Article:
• Think about what would catch your attention. Does your sentence do that? Imagine that sentence, and just that sentence are on a billboard. Would you stop to see what it was about?
Can you see your opening sentence on here? Does it make you want to stop and read more? Source: Public Domain; Wikimedia Commons

Can you see your opening sentence on here? Does it make you want to stop and read more? Source: Public Domain; Wikimedia Commons

How To Carry On

Okay, so we’ve got a strong opener, now what? Don’t let it fizzle out, but don’t rush everything, either. Draw the intro out, draw the reader in. But drop hints of the action or events to come (hopefully in the second or third chapters). A little bit of foreshadowing is okay, as long as you don’t hit your reader over the head with it! If you started your opening sentence as a part of someone’s speech, have it end in an argument. If the action started in a bar, why not have it end in a bar brawl and a crash where the main character becomes a reaper…okay, that’s a shameless plug for Reaper’s Deliverance. 😛 But you get the idea. The point is, pull the reader in by introducing your world slowly, but keep them there by blowing something up, or making enemies of two characters – or anything else that works.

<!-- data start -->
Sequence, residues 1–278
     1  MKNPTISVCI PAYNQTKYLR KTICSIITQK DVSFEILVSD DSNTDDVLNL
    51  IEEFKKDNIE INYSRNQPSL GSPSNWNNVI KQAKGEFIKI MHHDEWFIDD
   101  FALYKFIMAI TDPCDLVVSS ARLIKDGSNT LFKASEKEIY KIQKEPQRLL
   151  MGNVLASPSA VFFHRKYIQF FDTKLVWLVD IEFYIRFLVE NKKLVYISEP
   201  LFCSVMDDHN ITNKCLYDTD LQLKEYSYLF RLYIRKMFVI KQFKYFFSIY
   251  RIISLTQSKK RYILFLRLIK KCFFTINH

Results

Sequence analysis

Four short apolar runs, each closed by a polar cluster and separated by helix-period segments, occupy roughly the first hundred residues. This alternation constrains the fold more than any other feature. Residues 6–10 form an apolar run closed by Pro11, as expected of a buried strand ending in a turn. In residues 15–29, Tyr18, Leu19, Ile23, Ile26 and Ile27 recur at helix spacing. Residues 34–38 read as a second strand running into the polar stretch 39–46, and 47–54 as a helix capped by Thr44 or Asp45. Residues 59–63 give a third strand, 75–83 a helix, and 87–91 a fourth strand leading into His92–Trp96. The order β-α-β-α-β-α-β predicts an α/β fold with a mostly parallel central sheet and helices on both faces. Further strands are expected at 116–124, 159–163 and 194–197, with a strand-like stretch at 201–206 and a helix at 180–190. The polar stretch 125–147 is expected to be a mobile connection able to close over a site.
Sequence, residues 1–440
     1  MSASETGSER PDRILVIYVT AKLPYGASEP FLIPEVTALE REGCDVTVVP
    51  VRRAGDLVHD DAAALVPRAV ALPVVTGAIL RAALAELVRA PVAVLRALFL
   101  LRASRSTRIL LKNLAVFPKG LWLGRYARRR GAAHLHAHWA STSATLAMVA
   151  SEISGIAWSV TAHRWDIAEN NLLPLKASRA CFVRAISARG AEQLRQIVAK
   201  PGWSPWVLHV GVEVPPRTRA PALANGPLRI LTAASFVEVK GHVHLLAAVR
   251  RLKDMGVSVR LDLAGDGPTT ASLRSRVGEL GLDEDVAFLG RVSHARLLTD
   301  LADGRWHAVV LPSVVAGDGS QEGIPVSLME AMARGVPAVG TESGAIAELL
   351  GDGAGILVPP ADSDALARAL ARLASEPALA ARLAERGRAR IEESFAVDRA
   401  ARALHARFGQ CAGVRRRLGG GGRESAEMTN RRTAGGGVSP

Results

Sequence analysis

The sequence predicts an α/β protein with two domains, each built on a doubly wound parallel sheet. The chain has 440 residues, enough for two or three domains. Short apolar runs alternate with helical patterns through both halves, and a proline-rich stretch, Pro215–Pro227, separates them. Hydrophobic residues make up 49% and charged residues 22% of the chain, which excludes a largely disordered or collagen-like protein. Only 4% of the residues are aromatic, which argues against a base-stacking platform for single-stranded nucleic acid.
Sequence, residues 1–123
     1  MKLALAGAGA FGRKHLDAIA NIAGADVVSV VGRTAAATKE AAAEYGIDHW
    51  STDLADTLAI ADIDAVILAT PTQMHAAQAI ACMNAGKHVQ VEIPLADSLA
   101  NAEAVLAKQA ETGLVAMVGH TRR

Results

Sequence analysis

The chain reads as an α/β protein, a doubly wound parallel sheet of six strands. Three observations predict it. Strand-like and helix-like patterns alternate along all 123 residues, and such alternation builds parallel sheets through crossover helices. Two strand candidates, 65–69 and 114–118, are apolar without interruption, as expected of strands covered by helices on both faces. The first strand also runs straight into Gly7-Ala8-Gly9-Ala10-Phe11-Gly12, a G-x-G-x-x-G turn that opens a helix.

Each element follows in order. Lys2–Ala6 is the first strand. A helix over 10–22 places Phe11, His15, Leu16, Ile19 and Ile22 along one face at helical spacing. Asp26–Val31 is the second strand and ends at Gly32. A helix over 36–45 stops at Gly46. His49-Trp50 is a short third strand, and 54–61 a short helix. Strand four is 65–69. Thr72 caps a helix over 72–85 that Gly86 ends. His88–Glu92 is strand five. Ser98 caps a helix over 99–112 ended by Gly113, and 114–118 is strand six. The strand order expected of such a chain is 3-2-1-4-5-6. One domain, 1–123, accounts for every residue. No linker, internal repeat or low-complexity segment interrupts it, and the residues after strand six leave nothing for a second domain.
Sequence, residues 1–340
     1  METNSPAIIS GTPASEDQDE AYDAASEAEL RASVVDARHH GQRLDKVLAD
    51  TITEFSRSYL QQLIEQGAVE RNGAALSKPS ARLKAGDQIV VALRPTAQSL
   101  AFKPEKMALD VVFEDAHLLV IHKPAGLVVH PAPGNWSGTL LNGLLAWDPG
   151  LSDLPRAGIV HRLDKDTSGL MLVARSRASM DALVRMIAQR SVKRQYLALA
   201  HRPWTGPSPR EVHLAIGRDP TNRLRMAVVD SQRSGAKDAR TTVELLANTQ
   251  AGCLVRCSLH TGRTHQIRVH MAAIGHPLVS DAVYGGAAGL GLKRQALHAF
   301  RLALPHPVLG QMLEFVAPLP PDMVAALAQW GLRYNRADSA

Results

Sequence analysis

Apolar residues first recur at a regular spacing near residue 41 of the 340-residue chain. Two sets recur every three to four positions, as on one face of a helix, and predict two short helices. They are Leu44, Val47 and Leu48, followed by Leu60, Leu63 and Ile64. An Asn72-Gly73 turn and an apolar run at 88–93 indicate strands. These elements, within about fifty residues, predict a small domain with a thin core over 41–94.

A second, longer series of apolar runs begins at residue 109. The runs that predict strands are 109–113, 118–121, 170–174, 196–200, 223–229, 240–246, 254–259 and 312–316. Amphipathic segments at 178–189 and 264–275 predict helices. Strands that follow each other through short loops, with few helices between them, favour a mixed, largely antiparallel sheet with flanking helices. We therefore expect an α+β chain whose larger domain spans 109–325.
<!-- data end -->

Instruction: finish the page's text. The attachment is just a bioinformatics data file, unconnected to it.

• Think of fishing – keep it slow for the intro, then speed things up. Make it comfy for the reader to settle in, then glue them to the chair so they can’t leave.
  • Foreshadowing is okay, but don’t overdo it.
  • Keep everything flowing at a steady pace.
You've got them! He'll be reading that for hours, now. Source: Randi Hausken, 2009 under a Creative Commons Licence, Wikimedia Commons

You’ve got them! He’ll be reading that for hours, now. Source: Randi Hausken, 2009 under a Creative Commons Licence, Wikimedia Commons

How To Finish Up